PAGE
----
Increases in the employment of mothers of young children have focused attention on the issue of substitute care (sometimes called nonmaternal care) of young children. In the United States, nearly 60 percent of all women with infants are in the paid labor force (Bachu and O'Connell 2000), and the majority of these children begin nonmaternal care prior to the age of four months for an average of thirty hours per week (NICHD Early Child Care Research Network 1997).
Who cares for these children while their mothers are at work? Substitute caregivers can be broadly grouped into two categories. Familial caregivers are related to the child. They include fathers—who in the United States are the primary care providers for about one-fifth of the children of employed mothers (Casper 1997)—grandparents, older siblings, aunts and uncles, and other relatives. Combined, almost half of all children of working mothers are cared for by some family member while the mother works (Smith 2000).Nonfamilial caregivers are those who are not related to the child, and include group arrangements (preschool, nurseries, day care centers), in-home care (nannies, who care for about 9% of the children of employed mothers), and family day homes. Family day home providers are persons who care for a small number of children (usually fewer than six) in the provider's home. The family day home provider is not necessarily related to the child; the term family day home comes from the assumption that care provided in a small-group arrangement in a private home more nearly approximates the type of care the child would receive in his/her own home. Family day homes are often not licensed or regulated by government agencies. Such arrangements account for about one-fifth of all caregiver arrangements.
Although most concern about substitute care has been focused on group arrangements, only about 30 percent of children of employed mothers are cared for in group centers, preschools, and nurseries. In the United States, group centers are generally licensed by state agencies, which set regulations concerning such matters as safety, sanitation, and caregiver/child ratios. Such centers vary greatly in quality, caregiver training, physical facilities, and use of developmental and educational programs.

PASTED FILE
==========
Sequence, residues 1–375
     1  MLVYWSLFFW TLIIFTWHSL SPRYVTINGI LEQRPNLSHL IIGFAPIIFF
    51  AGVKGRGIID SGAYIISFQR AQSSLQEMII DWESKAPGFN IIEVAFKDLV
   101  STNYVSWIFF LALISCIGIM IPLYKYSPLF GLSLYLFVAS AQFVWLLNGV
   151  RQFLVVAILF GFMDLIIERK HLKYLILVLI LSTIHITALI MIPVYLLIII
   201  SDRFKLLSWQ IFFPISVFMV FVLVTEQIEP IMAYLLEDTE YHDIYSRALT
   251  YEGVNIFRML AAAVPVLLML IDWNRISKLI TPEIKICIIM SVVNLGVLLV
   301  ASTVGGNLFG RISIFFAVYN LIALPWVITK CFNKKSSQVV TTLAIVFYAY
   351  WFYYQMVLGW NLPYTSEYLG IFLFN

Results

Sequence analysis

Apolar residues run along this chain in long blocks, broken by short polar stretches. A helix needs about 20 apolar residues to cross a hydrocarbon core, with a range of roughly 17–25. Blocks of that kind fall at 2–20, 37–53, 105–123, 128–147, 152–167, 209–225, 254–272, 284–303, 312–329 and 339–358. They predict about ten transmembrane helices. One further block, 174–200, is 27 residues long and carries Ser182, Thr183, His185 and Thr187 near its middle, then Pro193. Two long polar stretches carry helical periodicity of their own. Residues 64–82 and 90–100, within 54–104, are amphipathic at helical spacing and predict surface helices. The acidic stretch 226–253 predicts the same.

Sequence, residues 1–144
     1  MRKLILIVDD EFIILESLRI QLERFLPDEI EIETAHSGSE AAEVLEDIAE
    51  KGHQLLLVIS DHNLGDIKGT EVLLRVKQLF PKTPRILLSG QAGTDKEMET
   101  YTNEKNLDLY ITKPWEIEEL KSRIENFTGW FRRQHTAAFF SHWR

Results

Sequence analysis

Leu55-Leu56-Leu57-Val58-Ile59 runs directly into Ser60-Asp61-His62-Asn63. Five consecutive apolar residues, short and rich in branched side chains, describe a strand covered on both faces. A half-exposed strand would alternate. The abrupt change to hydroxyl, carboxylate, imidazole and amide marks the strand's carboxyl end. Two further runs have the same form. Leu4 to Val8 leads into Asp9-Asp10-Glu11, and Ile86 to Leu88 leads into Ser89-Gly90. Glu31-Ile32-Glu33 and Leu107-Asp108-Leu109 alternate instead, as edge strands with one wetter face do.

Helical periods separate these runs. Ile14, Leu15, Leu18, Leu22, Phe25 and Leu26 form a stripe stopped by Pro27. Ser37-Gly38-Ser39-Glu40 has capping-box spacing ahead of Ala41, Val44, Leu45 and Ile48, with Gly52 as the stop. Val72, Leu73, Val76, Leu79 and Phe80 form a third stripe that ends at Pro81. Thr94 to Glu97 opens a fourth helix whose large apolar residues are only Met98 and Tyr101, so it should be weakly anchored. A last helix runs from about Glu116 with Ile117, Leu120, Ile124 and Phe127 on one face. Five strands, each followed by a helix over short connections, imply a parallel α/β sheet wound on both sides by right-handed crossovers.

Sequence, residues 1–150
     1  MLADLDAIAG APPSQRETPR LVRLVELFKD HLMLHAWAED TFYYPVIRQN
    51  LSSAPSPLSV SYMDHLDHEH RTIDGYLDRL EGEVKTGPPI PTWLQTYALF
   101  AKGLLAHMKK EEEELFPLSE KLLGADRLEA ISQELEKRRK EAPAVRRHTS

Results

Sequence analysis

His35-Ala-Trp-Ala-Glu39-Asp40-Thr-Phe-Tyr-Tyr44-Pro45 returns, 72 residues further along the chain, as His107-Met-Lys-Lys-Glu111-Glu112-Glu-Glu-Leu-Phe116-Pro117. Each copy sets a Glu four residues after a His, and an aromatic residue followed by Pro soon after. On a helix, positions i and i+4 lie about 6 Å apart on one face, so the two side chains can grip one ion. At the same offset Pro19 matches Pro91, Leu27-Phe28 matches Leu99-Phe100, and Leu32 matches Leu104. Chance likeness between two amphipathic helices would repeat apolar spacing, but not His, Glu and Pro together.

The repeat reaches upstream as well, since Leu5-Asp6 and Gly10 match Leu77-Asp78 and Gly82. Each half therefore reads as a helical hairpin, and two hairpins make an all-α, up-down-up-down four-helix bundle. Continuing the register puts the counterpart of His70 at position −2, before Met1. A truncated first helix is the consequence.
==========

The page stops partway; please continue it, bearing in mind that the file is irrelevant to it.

Effects of Substitute Care on Child Outcomes
There is an extensive literature examining the effects of early maternal employment and nonmaternal care on child cognitive outcomes. Results of these studies are mixed, but they generally suggest that there are no overall effects of maternal employment or nonmaternal care per se on child cognitive functioning (Greenstein 1995; NICHD Early Child Care Research Network 1997). However, the positive effects of early intervention programs on the cognitive functioning of economically disadvantaged children are well documented (Caughy et al. 1994).
Many researchers have studied the possible effects of substitute forms of child care on social development and behavioral problems (Clarke-Stewart 1989). It has been suggested that substitute care—particularly when these substitute forms are of low quality (Phillips et al. 1987; Howes 1990)—may be responsible for impairing social development or creating undesirable behavior such as aggression and noncompliance.
Research by social scientists in this area has centered on effects on emotional insecurity, sociability, and aggression. In particular, the emotional insecurity of children cared for in nonmaternal settings has been the focus of a hotly contested debate. Some researchers have found that infants of full-time employed mothers are more likely to be classified as insecurely attached than are infants of nonemployed mothers or mothers working part-time (see Belsky 1988 and Thompson 1991 for reviews; see Clarke-Stewart 1989 for a critique and meta-analysis). Jay Belsky (1988, p. 235), for example, has argued that "some nonmaternal care arrangements in the first year for more than 20 hours per week may be a risk factor in the emergence of developmental difficulties."
Many clinical studies suggest that children who had extensive nonmaternal care experiences as infants tend to be less compliant with their parents and more aggressive with their peers (Haskins 1985; Vaughn, Deane, and Waters 1985). However, Allison Clarke-Stewart (1989) suggests that these findings may simply reflect the fact that children in substitute care arrangements